Who was Sennefer?
Sennefer was a crucial Egyptian official during the 18th dynasty, serving as mayor of a southern city under Amenhotep II.
Tomb Of Sennefer: TT96
The private tomb of Sennefer, TT96, is also known as the Tomb of the Vineyards. It lies in the upper enclosure of Sheikh Abd el Qurna above TT 100. Its alternative name, Tomb of the Vines or Vineyard, comes from the beautiful decoration on the burial chamber's ceilings. It gives the impression of standing under an overhanging vine arbor with large bunches of grapes.
Discovery Of TT96
TT96 was discovered in 1826, and most travelers who came to the tomb thought it consisted only of the underground burial chamber. Englishman Robert Hay de Linplum made copies of the decorations inside the tomb, which can still be seen at the British Museum. TT96 was opened to the public soon after it was founded and still receives several thousand visitors yearly.
The Tomb's Design
The renovated entrance to the tomb is followed by a steep staircase ending in an antechamber and the burial chamber with four pillars. The upper parts of the tombs are used for storage and are now closed to visitors.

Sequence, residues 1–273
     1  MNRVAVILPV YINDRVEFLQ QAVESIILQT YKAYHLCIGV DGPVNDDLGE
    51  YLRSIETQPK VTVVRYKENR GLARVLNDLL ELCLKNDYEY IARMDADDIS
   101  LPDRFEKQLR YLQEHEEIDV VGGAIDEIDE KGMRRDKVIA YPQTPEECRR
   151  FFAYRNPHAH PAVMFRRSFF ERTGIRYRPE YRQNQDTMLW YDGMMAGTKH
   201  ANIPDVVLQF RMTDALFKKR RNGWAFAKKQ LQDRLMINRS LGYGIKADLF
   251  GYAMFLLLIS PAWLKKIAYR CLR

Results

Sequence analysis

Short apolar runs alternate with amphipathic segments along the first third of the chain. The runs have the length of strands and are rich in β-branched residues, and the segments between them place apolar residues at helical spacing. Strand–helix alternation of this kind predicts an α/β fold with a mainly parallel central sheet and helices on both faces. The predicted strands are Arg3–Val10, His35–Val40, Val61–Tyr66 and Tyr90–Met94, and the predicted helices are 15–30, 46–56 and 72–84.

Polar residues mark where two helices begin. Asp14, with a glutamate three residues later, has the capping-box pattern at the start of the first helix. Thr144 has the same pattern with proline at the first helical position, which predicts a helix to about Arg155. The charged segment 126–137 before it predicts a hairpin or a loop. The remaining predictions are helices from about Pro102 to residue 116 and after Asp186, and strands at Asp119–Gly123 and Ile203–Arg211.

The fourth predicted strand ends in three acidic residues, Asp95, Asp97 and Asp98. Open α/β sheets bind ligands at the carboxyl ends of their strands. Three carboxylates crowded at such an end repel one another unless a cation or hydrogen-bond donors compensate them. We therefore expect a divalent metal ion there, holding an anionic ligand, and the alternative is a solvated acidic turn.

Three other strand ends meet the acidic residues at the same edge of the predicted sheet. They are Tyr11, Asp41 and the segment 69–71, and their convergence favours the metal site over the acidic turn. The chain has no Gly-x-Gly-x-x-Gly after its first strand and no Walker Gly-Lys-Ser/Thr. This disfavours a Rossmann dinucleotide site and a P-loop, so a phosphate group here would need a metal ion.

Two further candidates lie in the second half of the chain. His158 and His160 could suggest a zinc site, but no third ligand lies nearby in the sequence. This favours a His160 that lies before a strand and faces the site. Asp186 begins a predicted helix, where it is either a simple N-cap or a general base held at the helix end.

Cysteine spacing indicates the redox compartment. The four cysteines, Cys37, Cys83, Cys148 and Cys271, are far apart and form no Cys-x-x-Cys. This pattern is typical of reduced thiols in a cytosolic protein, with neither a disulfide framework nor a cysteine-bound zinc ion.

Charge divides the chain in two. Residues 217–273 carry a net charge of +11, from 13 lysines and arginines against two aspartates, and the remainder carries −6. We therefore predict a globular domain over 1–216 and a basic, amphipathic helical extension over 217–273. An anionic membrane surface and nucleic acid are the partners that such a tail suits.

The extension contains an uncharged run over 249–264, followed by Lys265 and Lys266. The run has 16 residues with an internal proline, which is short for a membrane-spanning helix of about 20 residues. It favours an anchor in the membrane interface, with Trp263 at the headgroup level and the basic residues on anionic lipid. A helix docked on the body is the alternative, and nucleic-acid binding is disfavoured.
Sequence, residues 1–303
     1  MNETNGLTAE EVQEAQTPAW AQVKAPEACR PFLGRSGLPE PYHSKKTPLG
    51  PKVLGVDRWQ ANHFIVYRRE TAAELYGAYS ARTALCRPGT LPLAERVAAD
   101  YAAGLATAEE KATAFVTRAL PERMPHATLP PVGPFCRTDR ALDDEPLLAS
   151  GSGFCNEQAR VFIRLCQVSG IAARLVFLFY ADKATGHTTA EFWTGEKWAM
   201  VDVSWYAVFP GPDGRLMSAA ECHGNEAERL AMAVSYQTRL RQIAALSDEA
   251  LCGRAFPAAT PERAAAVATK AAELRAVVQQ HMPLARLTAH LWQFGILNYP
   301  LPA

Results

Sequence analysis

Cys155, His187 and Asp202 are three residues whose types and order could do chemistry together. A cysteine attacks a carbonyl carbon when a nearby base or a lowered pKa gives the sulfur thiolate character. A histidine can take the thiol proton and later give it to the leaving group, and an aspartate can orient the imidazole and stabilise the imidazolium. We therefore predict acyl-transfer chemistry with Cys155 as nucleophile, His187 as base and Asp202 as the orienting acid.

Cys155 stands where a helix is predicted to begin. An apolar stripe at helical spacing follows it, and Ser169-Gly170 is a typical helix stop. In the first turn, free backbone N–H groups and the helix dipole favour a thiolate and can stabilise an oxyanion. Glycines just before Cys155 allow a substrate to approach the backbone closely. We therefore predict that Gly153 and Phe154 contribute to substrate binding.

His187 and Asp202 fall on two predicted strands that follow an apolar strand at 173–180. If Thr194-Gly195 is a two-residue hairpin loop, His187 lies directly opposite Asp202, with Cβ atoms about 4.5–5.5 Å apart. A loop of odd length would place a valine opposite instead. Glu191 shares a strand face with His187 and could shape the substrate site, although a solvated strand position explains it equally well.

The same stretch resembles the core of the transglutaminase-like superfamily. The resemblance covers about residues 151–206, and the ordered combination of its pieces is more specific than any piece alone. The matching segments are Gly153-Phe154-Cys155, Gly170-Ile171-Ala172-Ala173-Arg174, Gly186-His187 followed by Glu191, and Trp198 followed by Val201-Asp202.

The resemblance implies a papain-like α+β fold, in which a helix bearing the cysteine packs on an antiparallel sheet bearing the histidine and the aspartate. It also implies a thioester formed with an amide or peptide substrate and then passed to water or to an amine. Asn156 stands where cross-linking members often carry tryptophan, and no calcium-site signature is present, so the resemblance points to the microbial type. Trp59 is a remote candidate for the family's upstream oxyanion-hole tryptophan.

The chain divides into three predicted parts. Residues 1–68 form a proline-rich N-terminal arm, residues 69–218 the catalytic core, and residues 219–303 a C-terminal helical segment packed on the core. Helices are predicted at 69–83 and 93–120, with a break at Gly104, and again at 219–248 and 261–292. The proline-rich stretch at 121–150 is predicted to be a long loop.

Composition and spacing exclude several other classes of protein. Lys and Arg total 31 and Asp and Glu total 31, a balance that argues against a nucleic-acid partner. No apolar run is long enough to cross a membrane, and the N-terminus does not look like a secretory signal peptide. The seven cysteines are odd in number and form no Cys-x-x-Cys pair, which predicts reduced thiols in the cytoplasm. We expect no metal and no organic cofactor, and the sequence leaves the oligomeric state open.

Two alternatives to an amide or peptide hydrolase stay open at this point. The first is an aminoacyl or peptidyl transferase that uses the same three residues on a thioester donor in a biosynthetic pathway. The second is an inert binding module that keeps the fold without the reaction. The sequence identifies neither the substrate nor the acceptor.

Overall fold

Decorations Inside The Tomb
Unlike most other tombs from this era, both chambers of Sennefer's private tomb were decorated. The upper room has harvesting, banqueting, and offering scenes, similar to the other private tombs. The walls of the underground chamber were covered with mud plaster and had an uneven surface. Scenes in bright colors that are very well preserved are there. The antechamber has a painting of Sennefer sitting under the grape arbor ceiling with his daughter Mut-Tuy leading a procession of priests. The many ladies depicted in the images on the wall create confusion about how many wives Sennefer had. The short passage to the burial chamber has a double scene of Anubis jackals sitting on top of pylon-shaped shrines on either side of an altar.
The ceiling of the burial chamber has an exceptional decoration, and the unique grape design offers any person the impression of standing under a rising and falling canvas tent, with four square pillars supporting the ceiling. The other chamber walls have various the couple and their daughter offering to the deities and showing the deceased's funeral procession.
The Tomb's Current Condition
The paintings on the walls and pillars of the Tomb of Sennefer are now glass-protected and have suitable lighting arrangements. Travelers can only see the underground part of the complex. The tomb is famous in the area due to the beautiful decorations that are somewhat missing in most other tombs of the 18th dynasty. Access to the upper part of the tomb is blocked to the public.